After graduating seminary together in 2015, Claire and Zach Helton were told their chances of leading the same church as a couple were slim, at best.
“You want to be co-pastors?” the couple recalled being asked by a placement specialist. “That’s the unicorn of church jobs. It’s rare.”
Rare, maybe, but not impossible. The couple this month celebrates one year as co-pastors at Northminster Church, an Alliance of Baptists congregation in Monroe, Louisiana.
They and other pastor teams interviewed by Baptist News Global say the arrangement saves wear and tear on bodies, minds and spirits as preaching, pastoral visits and difficult decisions are shared between equals.
The approach also benefits church members by doubling the ministerial support available to them and promoting a collaborative decision-making process especially helpful in challenging situations, the ministers said.
‘Clarity about boundaries’
Even so, it’s valid to describe the co-pastoring model as the unicorn of ministry jobs, said Mark Tidsworth, a church consultant and president of Pinnacle Leadership Associates.
“The pure co-pastor arrangement is pretty rare,” he said. “I don’t run into it very often.”
When he does, it’s usually a husband-wife team in which one member of the couple has a greater share of responsibility than the other. It works best if the power is truly shared by clergy who are embraced as equals by the congregation, he said.
Of the co-pastor teams interviewed by BNG, only the Heltons are a couple. But they, like the others, expressed the importance of consistent, clear communication to make it work.
Tidsworth said that is a common trait among successful co-pastor pairings.
“It requires fairly mature people who are committed to the model and who have excellent communication skills and really want to see it through,” Tidsworth said.
The model has certain strengths, including an allowance for the sharing of greater insights and perspectives in shepherding congregations.
Difficulties can result if authority and responsibility are poorly articulated or understood.
“So, there has to be clarity about boundaries and limitations,” Tidsworth said. “It also requires the church to exercise excellent communication and understanding when working through things.”
‘Someone who balances you’
Having someone to shoulder responsibilities has helped Brett Harris and Kathryn Kimmel manage both daily routines and major challenges at University Baptist Church in Hattiesburg, Mississippi.
The two-minister team was able to double outreach efforts in the aftermath of federal raids of Mississippi food-processing plants over the summer that resulted in the arrest of hundreds of immigrants.
While facilities targeted by ICE were not located in Hattiesburg, Harris and Kimmel tapped their individual networks to get financial and material aid flowing to those working directly with the immigrant families.
Harris said he and Kimmel, who also is known as “Kat,” were much more effective as co-pastors.
“Kat and I have had conversations with each other and with other pastors across the state,” he said.
It sends a powerful message to the congregation, Harris added.
“There’s something very powerful about seeing both male and female leadership in the church,” he added. “The co-pastor model allows a lot of ideas on the table without everything being up to a single person.”
The arrangement also helps in working through the everyday tasks of church leadership, she said. It also enables them to learn from their partner’s strengths.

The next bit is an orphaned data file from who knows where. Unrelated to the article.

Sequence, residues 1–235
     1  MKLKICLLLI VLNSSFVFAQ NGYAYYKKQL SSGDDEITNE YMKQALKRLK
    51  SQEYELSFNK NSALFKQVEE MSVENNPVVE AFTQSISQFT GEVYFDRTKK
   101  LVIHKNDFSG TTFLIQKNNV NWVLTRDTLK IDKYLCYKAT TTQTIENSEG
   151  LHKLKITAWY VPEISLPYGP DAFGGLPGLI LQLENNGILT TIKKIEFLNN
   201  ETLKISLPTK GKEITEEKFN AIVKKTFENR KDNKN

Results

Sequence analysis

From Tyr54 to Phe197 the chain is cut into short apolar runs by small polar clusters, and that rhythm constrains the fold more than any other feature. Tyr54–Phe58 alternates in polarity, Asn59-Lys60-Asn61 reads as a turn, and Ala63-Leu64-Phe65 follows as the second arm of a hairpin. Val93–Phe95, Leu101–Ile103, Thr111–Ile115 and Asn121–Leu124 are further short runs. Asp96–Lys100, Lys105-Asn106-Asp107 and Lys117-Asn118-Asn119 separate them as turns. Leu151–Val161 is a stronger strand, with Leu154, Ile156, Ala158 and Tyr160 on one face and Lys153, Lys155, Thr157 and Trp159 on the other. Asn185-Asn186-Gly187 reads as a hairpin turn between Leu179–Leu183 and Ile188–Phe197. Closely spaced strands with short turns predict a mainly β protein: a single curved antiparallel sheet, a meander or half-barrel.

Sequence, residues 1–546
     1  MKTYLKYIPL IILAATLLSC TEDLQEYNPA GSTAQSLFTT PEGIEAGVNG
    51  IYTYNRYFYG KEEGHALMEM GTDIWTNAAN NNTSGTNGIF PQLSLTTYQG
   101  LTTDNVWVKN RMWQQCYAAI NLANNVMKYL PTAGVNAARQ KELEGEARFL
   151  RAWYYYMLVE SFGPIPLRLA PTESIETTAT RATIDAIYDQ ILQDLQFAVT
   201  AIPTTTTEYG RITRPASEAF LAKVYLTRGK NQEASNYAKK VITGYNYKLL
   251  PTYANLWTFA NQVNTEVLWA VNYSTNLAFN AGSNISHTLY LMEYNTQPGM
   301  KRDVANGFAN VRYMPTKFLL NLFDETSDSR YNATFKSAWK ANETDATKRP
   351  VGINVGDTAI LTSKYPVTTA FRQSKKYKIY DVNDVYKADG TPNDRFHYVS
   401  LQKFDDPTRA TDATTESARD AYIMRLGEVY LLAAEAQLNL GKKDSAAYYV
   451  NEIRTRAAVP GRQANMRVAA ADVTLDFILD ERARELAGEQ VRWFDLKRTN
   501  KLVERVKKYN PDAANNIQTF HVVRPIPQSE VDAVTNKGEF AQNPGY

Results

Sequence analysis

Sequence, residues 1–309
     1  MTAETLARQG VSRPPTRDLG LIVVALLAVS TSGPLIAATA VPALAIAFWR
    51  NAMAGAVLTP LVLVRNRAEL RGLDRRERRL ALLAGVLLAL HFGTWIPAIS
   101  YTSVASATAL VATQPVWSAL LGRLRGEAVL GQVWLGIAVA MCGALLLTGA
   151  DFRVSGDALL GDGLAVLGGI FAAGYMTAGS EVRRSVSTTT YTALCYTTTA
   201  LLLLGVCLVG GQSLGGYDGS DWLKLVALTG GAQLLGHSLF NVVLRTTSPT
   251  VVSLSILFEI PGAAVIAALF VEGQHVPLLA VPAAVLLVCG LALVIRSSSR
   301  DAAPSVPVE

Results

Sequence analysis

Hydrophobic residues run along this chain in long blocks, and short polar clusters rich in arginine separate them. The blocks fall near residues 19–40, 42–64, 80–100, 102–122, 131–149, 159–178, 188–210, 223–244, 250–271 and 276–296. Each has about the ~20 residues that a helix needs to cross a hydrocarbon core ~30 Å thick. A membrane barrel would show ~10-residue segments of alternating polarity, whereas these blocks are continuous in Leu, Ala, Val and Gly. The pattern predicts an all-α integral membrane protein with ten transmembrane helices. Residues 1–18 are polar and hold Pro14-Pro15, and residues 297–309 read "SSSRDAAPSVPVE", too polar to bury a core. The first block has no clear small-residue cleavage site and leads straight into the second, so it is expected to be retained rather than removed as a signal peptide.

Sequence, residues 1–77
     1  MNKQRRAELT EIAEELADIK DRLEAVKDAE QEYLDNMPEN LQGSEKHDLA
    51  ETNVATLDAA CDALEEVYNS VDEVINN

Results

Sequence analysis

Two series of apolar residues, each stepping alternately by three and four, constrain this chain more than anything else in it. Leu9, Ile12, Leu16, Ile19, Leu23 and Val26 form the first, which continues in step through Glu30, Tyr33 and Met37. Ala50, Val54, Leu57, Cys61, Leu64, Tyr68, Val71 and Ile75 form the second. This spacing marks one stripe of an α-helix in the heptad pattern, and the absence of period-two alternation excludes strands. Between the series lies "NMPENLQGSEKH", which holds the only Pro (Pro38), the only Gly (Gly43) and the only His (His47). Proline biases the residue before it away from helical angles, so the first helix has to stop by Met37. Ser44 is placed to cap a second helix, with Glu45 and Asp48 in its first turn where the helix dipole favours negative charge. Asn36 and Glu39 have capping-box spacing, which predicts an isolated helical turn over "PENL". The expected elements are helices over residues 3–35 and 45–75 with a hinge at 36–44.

“To have someone who balances you and broadens your thinking and opens your eyes, it’s really powerful,” she said.
‘It breaks down hierarchy’
The effectiveness of co-pastoring lies in spreading power and in fostering a cooperative spirit in ministry, said Melanie Vaughn-West, pastor for worship, pastoral care and administration at Oakhurst Baptist Church in Decatur, Georgia.
While not using the “co-pastor” title, Vaughn-West shares pastoral leadership with Lauren Colwell, pastor for Christian education and community engagement.
“We like the model because it breaks down hierarchy, reduces isolation and allows a pastor to have a fully equal partner,” Vaughn-West said.
The duo shares in leadership responsibilities, including decision making, at Oakhurst, Colwell said.
“But in terms of daily and weekly responsibilities, those are separated out,” Colwell explained.
This approach to pastoral leadership has permeated the congregation, where committees have given way to ministry teams in which leadership is shared. Vaughn-West and Colwell include other ministry and lay staff in their planning sessions.
A significant benefit is never having to go it alone on difficult decisions.
“On your own, you don’t always have the best answer or solution,” Vaughn-West said. “Having someone to talk and pray and meditate with is extremely helpful.”
Both women said the team concept at Oakhurst helps maintain and boost energy for whatever comes their way.
“You come in expecting to be supported and encouraged,” Colwell said. “You don’t come in thinking how am I going to convince everyone to do what I want them to do?”
The system contributes to longevity in ministry.
“This approach to ministry could benefit a lot of pastors out there who are close to burnout and isolation,” Vaughn-West said.
‘Spread the gospel of co-pastoring’
Claire and Zach Helton say “amen” to that.
Sharing preaching responsibilities by itself is a huge weight off each of them.
“We preach every other week,” Claire said.
Zach said he recently joked with another pastor about it.
“I said ‘I don’t know how you preach every week – no one should have to preach every week. How do you come up ideas?’”
Being able to divide tasks “by what gives us life” goes a long way to prevent burnout, Claire said.
“We’re very happy to spread the gospel of co-pastoring,” she said.